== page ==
The Northern Wei dynasty Buddha, Matriya, first led us into the grey and black world of Chinese sculpture. The amazing sense of calm and fluidity represented in harmony through the stability of the stone. The skillful handwork from these masters can still be felt and shared as one looks at the intricate and bold details that still hold form through thousands of years. A sense of time is at once amplified and at the same time bridged as one can clearly see the effects that aging and survival has had on these works, yet still clearly see the remaining mark of the artist's hand.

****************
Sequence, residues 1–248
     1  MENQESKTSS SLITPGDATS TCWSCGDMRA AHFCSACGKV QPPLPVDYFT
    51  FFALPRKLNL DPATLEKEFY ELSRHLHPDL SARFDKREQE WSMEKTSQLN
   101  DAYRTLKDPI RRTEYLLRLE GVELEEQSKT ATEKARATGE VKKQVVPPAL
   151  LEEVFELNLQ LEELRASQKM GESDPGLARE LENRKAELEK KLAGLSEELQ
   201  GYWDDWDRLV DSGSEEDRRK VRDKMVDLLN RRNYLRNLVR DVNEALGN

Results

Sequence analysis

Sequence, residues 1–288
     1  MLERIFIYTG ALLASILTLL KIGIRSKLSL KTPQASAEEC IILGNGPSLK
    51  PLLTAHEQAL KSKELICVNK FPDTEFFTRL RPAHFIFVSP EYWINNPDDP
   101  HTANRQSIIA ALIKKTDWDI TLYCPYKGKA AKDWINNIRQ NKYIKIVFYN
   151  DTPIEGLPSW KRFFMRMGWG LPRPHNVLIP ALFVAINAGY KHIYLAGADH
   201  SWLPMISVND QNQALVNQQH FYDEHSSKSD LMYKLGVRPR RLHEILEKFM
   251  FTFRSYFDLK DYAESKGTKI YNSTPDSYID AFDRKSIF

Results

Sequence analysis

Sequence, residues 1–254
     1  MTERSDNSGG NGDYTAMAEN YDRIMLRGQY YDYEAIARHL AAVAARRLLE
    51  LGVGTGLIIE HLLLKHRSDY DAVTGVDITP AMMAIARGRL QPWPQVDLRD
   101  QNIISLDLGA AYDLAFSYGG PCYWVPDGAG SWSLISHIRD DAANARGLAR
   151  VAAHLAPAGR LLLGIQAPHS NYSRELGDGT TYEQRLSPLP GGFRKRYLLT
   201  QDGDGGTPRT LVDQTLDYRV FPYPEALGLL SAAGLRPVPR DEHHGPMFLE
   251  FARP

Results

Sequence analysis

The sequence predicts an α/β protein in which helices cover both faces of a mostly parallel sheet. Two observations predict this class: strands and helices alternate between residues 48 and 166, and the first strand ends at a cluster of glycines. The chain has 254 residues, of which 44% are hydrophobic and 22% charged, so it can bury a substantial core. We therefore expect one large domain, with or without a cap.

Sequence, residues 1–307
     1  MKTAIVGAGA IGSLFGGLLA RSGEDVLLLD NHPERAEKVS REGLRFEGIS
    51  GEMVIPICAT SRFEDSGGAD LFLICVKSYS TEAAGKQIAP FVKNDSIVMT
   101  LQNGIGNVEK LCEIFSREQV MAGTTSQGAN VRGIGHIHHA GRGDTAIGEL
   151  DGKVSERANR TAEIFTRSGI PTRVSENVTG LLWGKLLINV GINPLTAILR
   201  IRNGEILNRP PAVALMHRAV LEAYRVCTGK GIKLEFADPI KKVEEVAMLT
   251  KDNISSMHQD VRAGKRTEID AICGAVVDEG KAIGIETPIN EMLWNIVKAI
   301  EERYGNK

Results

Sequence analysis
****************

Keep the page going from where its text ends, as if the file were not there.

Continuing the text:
Buddha Sakyamuni Eastern Wei (534-550 AD) Limestone
This standing Buddha Sakyamuni is 88.5 cm in height carved in limestone.
The most precious part of this work is the delicate caving skill of Buddha's facial expression.
In general, this Buddha Sakyamuni is a great example showcasing the transitional style of the Eastern Wei dynasty. It is in succession to the traditional Northern Wei dynasty style which depicts a mysterious smile and a slimmer body. It illustrates the new tendency to create a more realistic sense of volume, lacking in the depictions typical of the Northern Qi dynasty.